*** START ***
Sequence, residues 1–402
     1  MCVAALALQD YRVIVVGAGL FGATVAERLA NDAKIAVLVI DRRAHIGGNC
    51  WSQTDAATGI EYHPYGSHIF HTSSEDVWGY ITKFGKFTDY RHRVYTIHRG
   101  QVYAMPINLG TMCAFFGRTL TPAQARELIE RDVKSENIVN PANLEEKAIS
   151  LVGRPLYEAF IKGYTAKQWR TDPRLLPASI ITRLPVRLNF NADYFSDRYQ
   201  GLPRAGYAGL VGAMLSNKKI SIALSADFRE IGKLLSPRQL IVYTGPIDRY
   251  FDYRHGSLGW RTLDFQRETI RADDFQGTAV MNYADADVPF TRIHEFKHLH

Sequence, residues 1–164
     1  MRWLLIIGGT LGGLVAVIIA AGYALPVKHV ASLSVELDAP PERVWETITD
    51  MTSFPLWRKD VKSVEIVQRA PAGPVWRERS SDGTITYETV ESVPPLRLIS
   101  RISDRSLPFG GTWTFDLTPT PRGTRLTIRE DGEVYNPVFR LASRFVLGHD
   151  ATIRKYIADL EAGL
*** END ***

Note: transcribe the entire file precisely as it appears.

Sequence, residues 1–402
     1  MCVAALALQD YRVIVVGAGL FGATVAERLA NDAKIAVLVI DRRAHIGGNC
    51  WSQTDAATGI EYHPYGSHIF HTSSEDVWGY ITKFGKFTDY RHRVYTIHRG
   101  QVYAMPINLG TMCAFFGRTL TPAQARELIE RDVKSENIVN PANLEEKAIS
   151  LVGRPLYEAF IKGYTAKQWR TDPRLLPASI ITRLPVRLNF NADYFSDRYQ
   201  GLPRAGYAGL VGAMLSNKKI SIALSADFRE IGKLLSPRQL IVYTGPIDRY
   251  FDYRHGSLGW RTLDFQRETI RADDFQGTAV MNYADADVPF TRIHEFKHLH

Sequence, residues 1–164
     1  MRWLLIIGGT LGGLVAVIIA AGYALPVKHV ASLSVELDAP PERVWETITD
    51  MTSFPLWRKD VKSVEIVQRA PAGPVWRERS SDGTITYETV ESVPPLRLIS
   101  RISDRSLPFG GTWTFDLTPT PRGTRLTIRE DGEVYNPVFR LASRFVLGHD
   151  ATIRKYIADL EAGL